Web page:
This was pretty much it. Our network’s architecture was conceived almost 60 years ago and evolved until about 30 years ago. And this is largely what we are still using today!

But while the Internet was designed decades ago, how we are using it greatly evolved in the years since. This internet was invented for totally different use cases than the ones we are using it for today. Its requirements were very different as well (such as redundancy in the event of a nuclear war!).

Nobody was thinking about performance. Nobody was even thinking about security.

This is because no one expected we will use the Internet for making Zoom calls, hailing a taxi, doing e-commerce or streaming Netflix. No one expected it to connect a highly distributed workforce. So, we are constantly trying to “force” the internet to do “unnatural” things. Things it was never designed to do. Instead of fixing the network, we have put in place many “patches” to make up for its original design flaws (for example: firewalls, VPNs, SD-WAN, MPLS, NAC, CASB, and many more.) This led us to think, is there a better way? (spoiler: yes, there is!)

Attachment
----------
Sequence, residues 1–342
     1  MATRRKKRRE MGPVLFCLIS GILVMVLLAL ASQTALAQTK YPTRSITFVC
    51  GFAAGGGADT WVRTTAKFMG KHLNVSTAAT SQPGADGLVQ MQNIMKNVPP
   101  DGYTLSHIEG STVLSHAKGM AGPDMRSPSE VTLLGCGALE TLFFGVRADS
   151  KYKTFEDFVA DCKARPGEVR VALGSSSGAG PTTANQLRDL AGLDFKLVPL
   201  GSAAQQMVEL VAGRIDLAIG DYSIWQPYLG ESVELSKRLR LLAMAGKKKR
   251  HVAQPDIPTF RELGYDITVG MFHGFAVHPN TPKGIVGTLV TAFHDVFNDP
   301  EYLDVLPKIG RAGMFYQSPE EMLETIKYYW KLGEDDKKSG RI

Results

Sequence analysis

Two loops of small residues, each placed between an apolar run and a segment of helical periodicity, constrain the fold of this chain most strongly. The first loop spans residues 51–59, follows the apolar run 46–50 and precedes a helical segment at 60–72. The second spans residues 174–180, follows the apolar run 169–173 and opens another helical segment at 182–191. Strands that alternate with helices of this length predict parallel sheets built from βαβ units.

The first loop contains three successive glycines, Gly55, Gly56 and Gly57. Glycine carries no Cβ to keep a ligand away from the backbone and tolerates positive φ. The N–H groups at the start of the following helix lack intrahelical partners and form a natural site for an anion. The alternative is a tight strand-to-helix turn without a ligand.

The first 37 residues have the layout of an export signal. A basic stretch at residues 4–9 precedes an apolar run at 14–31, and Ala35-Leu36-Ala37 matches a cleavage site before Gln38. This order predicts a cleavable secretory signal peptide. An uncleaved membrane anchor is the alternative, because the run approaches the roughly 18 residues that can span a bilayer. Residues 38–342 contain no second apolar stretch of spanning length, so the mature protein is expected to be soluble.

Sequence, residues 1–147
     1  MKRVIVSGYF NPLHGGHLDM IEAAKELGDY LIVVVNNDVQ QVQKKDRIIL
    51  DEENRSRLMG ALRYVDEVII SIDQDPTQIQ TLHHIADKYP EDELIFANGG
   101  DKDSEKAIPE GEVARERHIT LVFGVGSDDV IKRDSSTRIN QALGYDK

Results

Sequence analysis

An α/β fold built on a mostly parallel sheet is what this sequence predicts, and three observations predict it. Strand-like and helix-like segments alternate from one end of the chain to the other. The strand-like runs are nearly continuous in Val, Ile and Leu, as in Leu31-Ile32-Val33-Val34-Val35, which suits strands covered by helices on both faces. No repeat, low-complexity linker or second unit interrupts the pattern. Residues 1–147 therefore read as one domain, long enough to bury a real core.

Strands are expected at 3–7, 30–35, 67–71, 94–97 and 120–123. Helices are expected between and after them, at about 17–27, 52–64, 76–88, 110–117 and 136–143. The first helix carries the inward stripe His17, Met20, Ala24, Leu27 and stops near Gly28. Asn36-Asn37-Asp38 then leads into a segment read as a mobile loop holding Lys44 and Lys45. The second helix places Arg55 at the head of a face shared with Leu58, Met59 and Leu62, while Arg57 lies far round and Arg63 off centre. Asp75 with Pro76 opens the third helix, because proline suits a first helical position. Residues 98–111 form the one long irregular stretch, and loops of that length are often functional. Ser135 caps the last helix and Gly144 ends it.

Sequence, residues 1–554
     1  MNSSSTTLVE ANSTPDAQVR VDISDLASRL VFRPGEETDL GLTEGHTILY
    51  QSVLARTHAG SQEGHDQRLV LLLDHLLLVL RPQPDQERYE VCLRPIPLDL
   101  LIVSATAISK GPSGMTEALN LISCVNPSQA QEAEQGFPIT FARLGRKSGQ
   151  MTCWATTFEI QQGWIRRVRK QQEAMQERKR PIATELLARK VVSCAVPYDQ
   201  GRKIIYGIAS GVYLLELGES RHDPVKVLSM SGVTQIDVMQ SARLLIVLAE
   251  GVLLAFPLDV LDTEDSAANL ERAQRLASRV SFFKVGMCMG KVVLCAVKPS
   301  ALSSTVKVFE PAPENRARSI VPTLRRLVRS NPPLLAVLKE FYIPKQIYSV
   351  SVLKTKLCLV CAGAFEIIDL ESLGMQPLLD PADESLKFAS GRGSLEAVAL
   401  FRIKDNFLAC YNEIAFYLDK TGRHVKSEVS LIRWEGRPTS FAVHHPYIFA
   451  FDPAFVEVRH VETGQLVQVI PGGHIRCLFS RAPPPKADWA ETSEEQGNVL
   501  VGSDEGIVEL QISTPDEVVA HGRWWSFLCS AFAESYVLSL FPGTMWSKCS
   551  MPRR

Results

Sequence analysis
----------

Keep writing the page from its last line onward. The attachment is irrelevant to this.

This is one of the reasons why we at Ananda Networks have set to rebuild the network from the ground up. We are on a mission to make the network blazing fast, fully secured, and a joy to use. Stay tuned, as we will be revealing what our team has been working on for the past year.


Networking in the time of covid

On the off chance you haven't noticed, a generational shift is happening before our eyes, resulting in a truly distributed workforce. It’s no longer just a handful of employees on the road or working from home intermittently. In fact, you, the reader, are highly likely to be reading this blog post from home as we speak. Twitter, Quora, and many others are becoming “remote-first” companies. And while COVID-19 may have accelerated this phenomenon, it is here to stay and will likely be with us after the pandemic is over.

So what’s the difference between this new ‘distributed workforce’ and the good old ‘remote access’ paradigm? A distributed workforce means employees en mass are now working from home, and home may be far away from your company’s old headquarters. The notion of the branch office is disappearing and transforming into its individual employees that may or may not be at a physical branch. In other words, the individual user is now the network edge. What’s more, this new distributed workforce is no longer just using “remote access” tools or VPNs to connect to the datacenter. Rather, the resources employees need to access are distributed as well, and include primarily the company’s public cloud instances and third-party SaaS applications.

This means there are new and tougher requirements around performance, security, and not less important - the experience of the end-user, all happening without giving organizations too much time to prepare. Our old network, our remote access, and our security tools were not designed for this new world. Stay tuned, as we will be revealing what our team has been working on for the past year to enable the distributed workforce.